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  • Writer's pictureAmi Kassar

AmiSight 1/5: EIDL Loans are an IOU to the U.S. Government

Last month, the Wall Street Journal published an article titled "Pandemic Loans Are Coming Due, But Some Businesses Aren't Ready to Repay." As those payments come due, some business owners argue that they did not understand the terms of the loans and that as the economy weakens, they are not well positioned to repay the loans. Business owners must understand that these loans are an IOU to the U.S. government.


Borrowers need to realize that the time may come when they need to borrow money again. If their business still has a balance on its EIDL loan, the day of reckoning will have arrived. Under the terms of the EIDL loan, the SBA has a lien on the business, and the new lender will require the SBA to subordinate that lien before issuing a new loan. So the first line of questioning will come from the new lender: What did you do with your EIDL money? Did you use it for authorized purposes? If not, that will raise a character issue that could endanger the new loan. If you get through these questions, next up will be the SBA officer who has to approve the subordination request.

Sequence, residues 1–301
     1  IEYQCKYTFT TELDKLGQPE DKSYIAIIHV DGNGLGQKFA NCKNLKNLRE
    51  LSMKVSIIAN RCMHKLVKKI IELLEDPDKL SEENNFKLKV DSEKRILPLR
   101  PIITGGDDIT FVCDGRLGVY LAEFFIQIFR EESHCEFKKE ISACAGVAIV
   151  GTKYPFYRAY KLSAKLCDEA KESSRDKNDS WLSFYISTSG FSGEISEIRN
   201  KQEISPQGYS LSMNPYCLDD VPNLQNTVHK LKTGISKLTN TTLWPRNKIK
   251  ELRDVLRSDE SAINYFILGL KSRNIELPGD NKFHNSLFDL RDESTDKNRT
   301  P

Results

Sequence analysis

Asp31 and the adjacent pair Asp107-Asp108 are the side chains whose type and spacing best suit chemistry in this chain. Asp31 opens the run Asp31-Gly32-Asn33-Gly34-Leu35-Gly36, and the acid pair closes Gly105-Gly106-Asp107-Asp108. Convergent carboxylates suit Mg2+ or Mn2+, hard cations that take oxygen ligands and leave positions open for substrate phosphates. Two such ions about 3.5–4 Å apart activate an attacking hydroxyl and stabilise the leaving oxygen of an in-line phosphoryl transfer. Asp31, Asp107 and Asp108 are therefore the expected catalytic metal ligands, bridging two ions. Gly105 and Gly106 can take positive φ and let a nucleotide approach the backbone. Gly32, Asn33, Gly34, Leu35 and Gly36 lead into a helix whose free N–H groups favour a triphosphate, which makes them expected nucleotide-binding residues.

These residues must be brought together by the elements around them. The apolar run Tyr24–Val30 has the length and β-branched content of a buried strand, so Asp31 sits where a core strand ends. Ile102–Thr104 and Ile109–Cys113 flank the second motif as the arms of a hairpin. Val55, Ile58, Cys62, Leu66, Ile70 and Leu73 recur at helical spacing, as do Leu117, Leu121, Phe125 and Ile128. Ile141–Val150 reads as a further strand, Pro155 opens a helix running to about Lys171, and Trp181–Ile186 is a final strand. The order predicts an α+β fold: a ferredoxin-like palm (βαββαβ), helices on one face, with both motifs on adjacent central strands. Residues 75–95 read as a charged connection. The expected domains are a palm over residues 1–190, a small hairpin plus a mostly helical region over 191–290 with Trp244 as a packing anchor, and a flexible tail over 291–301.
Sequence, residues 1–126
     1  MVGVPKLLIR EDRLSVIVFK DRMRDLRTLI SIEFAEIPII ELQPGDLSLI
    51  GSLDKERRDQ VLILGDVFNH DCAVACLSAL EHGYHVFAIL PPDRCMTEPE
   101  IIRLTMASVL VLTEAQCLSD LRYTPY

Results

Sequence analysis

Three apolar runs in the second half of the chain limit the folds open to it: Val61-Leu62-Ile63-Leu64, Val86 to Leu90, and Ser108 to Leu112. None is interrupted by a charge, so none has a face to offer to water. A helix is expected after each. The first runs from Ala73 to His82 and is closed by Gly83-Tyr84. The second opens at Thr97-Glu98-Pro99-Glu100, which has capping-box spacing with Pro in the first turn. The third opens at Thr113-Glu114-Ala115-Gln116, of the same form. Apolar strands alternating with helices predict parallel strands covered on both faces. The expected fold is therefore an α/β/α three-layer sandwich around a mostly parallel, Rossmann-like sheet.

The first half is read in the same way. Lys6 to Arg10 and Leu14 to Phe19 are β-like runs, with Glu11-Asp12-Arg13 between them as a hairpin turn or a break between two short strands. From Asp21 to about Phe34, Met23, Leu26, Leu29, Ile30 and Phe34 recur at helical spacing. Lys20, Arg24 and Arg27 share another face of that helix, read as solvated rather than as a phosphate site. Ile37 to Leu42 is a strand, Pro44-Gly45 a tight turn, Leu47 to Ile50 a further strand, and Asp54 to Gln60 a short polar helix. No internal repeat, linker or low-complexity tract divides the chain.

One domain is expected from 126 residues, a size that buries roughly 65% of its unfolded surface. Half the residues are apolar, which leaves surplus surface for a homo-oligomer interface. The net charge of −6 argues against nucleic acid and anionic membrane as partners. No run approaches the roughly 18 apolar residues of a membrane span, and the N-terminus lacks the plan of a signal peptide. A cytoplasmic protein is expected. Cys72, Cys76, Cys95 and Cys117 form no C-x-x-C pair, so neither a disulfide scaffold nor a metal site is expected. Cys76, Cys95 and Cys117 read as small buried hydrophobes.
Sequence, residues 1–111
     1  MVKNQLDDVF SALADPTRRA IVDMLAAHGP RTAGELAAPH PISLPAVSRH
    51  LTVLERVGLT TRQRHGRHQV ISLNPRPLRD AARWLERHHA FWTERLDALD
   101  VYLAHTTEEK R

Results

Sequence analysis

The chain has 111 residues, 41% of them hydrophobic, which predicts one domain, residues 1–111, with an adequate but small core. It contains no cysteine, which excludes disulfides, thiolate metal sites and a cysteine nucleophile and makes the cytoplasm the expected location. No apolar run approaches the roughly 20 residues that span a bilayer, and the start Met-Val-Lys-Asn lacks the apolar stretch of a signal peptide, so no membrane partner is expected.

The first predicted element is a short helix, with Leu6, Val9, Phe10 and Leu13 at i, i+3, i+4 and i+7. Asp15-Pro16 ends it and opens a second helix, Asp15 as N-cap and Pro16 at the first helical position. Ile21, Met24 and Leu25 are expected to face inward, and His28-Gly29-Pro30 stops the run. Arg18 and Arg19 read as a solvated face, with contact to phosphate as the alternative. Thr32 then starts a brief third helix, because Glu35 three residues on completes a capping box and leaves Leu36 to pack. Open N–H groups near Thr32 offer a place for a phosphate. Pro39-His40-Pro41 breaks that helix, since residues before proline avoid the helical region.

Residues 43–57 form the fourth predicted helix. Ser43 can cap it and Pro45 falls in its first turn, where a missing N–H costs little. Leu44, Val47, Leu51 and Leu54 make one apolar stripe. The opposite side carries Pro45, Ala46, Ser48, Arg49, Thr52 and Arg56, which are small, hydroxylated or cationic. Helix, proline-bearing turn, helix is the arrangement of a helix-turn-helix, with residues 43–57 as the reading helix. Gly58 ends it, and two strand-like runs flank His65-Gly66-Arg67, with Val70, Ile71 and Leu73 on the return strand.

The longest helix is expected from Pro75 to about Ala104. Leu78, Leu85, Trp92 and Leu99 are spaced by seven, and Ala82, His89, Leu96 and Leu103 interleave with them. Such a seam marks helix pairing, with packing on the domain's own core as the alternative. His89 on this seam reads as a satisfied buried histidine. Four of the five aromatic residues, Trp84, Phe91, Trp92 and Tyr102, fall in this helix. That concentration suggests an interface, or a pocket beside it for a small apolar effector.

My advice to those with an EIDL loan is to make a plan. If you used the money for legitimate purposes and your business was hit hard by COVID-19, you don't have much to worry about. But if that’s not the case, clean up your balance sheet and be prepared for the next time you might need to borrow money. Then, by all means, start to make those payments.


Please read the full article I published on 21hats this morning on this topic.


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